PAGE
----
Whole Grain Connection

Local and sustainable whole grains from farmer to baker, for good health
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The Whole Grain Connection

Welcome to the Whole Grain Connection.
We are a non-profit organization based in California, aiming to enhance the desirability and availability of whole grain breads and other whole grain products from organically and sustainably grown grains and thereby connecting farmers and bakers.
We hope you will visit our website often for our latest website publications and activities. 
Contact information:
Attn: Monica Spiller
Whole Grain Connection
500 West Middlefield Road #2
Mountain View
California 94043
e-mail: barmbaker@aol.com
Telephone: 650 938 2865

What is whole grain?
Whole grain wheat is the same as wheat seed. If it is a genuine unbroken wheat seed you can soak it and sprout it. The end of the seed that produces the sprout is the germ. The thin, colored seed skin is the bran, which is tasty, edible and a necessary part of food; it is fiber and it carries other foods all the way through the digestive system without being itself digested. The middle endosperm of the wheat seed or grain is filled with starch and protein which is the store of food for the new wheat sprout. The growing plant can only use this food store if the vitamins, minerals and other plant nutrients are provided by the bran and germ. Similarly, people can only use the starch and protein from wheat properly if they also eat the germ and bran at the same time, since these supply the needed nutrient helpers for proper digestion and use for growth and energy.

Whole grain Sonora wheat photo

New in January 2015

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Grain Cleaning & Handling. We are moving ever closer towards localized grain cleaning and handling. Lately there has been increased progress all over California. Questions arise often regarding grain cleaning equipment. The USDA Bulletin number 354 is a useful reference for farmers and whole grain millers interested in understanding the variety of cleaning equipment available and deciding which will be the most important to include in their planning. The pdf of USDA Bulletin 354 can be downloaded from the "Catalog and References" page on this website. 

Whole Grain, versus refined or sifted wheat flours. Lately I've met a variety of people who think that sifted whole grain flour is still whole grain flour. I'm sorry to tell you that when whole grain flour is sifted, it is the bran and germ that are mostly removed, and this makes sifted flour nutritionally deficient, just as refined flour is nutritionally deficient.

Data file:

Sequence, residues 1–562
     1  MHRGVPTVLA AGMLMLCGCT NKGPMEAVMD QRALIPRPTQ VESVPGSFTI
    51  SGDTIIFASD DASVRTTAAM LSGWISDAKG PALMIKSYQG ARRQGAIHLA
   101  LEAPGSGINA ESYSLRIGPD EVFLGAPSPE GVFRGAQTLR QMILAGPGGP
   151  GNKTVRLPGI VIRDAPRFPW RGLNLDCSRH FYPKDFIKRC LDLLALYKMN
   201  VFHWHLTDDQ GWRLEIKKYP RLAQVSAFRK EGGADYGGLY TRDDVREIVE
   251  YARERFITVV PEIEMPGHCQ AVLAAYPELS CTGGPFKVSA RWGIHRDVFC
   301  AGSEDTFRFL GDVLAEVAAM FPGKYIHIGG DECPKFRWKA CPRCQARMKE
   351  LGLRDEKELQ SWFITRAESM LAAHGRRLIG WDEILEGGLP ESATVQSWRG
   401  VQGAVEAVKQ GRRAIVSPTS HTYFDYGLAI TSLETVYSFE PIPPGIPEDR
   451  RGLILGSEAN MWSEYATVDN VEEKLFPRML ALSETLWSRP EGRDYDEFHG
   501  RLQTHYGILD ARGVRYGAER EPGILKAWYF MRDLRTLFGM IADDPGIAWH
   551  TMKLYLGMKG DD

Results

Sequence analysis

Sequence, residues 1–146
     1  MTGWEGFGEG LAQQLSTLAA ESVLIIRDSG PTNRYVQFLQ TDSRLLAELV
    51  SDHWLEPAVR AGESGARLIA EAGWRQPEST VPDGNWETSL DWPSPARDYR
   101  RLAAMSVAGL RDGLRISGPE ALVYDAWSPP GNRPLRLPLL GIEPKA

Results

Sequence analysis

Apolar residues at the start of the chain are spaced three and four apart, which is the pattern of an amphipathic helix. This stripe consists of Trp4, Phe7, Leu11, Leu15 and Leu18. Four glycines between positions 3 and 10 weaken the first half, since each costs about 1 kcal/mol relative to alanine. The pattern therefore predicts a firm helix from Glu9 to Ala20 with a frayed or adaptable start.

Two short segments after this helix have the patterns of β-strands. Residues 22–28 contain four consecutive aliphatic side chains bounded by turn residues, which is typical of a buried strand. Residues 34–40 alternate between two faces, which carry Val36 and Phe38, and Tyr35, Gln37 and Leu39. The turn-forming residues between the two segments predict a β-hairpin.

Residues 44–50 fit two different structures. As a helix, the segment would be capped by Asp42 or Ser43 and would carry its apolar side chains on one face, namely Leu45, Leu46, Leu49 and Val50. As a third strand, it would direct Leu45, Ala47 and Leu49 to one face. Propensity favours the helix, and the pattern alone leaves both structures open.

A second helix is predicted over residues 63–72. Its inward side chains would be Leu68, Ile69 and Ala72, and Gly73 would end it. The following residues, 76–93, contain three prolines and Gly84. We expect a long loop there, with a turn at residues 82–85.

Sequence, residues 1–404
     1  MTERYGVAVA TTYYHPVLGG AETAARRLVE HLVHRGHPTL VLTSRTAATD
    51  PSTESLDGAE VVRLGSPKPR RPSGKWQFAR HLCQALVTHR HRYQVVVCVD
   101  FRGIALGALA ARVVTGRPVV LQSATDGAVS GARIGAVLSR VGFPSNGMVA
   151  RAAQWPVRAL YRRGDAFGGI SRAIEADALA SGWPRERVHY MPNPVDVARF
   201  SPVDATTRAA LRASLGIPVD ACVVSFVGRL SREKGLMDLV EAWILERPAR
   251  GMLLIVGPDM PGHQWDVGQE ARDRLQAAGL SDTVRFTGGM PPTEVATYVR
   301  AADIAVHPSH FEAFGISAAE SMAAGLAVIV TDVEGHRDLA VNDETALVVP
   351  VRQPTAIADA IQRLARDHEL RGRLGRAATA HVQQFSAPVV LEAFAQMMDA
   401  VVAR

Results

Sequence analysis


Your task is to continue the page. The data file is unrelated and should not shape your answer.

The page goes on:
Here's a late breaking study on the benefits of truly whole grain foods.




Whole Grain Connection has been marketing organic whole grain products for farmers, using a "tm" designation for our "certification mark". We have added a "Grown & made in California" logo to this certification mark. Products are now being sold with this new mark, which you'll recognize by the California poppy art and the font. The beautiful California poppy artwork is by Margo Bors, an artist from San Francisco.

We can approve products for the use of this logo and prepare label designs for other farmers selling their organic whole grains. Please contact us for further information.

Phytic acid

Phytic acid is an important factor in whole grain foods, because it binds with nutritionally valuable minerals in the grain, and reduces their usefulness. Fortunately the enzyme phytase is also present in wheat and this will break down the phytic acid quite rapidly if the conditions are optimized.

Phytic acid and whole wheat flour - a discussion

Spelt and Emmer

We have continued to work with landrace spelt and emmer varieties suited to the Coastal and Sierra Foothill regions of California. 

Letter to spelt and emmer growers May 2013

From our archives
We've been in the news. 

Mountain View Voice. January 27, 2012

San Francisco Chronicle. January 3, 2012


For the Farmers:

Knowledge of the fungal diseases that attack grains leads to good organic prevention practices.

Click on the link below to read about Preventing Fungal Disease on Wheat, written by Monica Spiller in 2009. This was an exercise in understanding the problems from the viewpoint of the organic farmer. As with all our work at the Whole Grain Connection, this is an ongoing project, always waiting to be updated or corrected. The information was gleaned from many on-line sources and in particular from Integrated Pest Management for Small Grains, Publication 3333 of the University of California, Division of Agriculture and Natural Resources.

Preventing Fungal Disease on Wheat